The Pebble Mine partnership says the salmon fishery and the gold and copper mine can co-exist and have invested over $150 million dollars on environmental studies to prove it.

In fact, the plan to develop the mine never even got to the permitting process because in 2010 the EPA stepped in, did its own study, and concluded the mine would be too damaging to both salmon and the environment.

The company says this was completely unfair and filed a lawsuit against the EPA. It won an injunction stopping the EPA from taking any further action. The matter is still tied up in court.

The company says all the mine project is looking for is a fair shake.

"It comes back to our key message about wanting to have our project reviewed via the standard, objective and much more transparent (National Environmental Policy Act) review and permitting process," Heatwole said.

The EPA says the three year process was completely transparent and the Pebble Partnership need only apply for a Clean Water Act permit, which it hasn't done.

While the case is tied up in court, the community remains in limbo.

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Former Alaska State Representative Rick Halford insists, “It is the most destructive and the most dangerous kind of mine.” He’s concerned not only over the size of the open-pit mine, larger than any other, but that it’s in the middle of a sensitive watershed.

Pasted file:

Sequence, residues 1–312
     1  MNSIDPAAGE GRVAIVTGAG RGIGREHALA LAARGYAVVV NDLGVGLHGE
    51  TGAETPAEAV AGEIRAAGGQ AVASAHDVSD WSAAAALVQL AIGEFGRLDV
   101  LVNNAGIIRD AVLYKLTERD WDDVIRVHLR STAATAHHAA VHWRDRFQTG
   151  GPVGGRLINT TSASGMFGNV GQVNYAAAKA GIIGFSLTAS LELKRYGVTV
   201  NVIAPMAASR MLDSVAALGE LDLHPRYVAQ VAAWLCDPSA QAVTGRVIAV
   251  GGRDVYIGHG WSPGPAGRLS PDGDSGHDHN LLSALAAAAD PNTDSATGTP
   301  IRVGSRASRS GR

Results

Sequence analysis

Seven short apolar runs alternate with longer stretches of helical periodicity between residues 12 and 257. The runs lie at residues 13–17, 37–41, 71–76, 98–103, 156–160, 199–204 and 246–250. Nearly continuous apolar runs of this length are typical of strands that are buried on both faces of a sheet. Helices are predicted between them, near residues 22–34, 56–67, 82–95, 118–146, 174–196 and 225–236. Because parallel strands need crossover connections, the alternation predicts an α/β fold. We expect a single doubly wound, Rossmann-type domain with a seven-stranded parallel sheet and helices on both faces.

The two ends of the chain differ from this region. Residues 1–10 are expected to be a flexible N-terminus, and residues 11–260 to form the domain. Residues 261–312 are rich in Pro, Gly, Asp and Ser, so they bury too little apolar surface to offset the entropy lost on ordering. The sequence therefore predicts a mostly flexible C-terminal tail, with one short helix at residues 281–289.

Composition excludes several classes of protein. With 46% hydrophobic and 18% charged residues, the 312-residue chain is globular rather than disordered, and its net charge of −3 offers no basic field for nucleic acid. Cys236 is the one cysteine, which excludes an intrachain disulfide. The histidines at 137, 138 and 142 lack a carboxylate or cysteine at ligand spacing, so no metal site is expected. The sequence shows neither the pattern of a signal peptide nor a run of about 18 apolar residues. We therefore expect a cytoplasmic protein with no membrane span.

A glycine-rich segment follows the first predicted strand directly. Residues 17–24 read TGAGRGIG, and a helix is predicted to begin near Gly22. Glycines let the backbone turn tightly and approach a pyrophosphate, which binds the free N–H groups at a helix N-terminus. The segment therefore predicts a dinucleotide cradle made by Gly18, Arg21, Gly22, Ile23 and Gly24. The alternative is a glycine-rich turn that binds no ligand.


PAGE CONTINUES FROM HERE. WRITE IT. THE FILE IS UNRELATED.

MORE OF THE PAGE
The project will also need hundreds of miles of new infrastructure and a new port, and Halford says that will degrade the land and cut off streams. Halford and others point to a catastrophic dam breach in Canada at the Mount Polley mine in August 2014. It dumped out 6.5 billion gallons of wastewater destroying part of British Columbia’s watershed.

And that’s exactly what they don’t want to happen in Bristol Bay.

Crewmembers pull in a driftnet loaded with sockeye salmon in Bristol Bay, near Egegik, Alaska, in 2009. Margaret Bauman / AP file

Mine proponents wrote a letter to the president in advance of his visit, touting the merits of the project. Environmentalist and fisherman hope to get on his agenda when he visits.

Senior advisor Brian Deese says the president is aware of the project.

“He's aware of the broader issue on using science to make judgments about when certain activities pose too big a threat to local communities, local ecosystems and local economies,” Deese said. “The EPA has a long and solid track record of using science in that way.”

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In December 2014, President Obama signed a memorandum that protects Bristol Bay from oil and gas drilling saying, "These waters are too special and too valuable to offer up to the highest bidder."

Some Republicans said his environmental policies are another example of government overreach and they put the EPA's action on Pebble Mine in the same category. And environmentalists worry that if a Republican takes the presidency in 2016, the move could swing favor back toward the mine. "There is always a risk — there’s a lot of gold and copper in the ground and someone’s always going to have an eye on trying to develop it," Bristol said.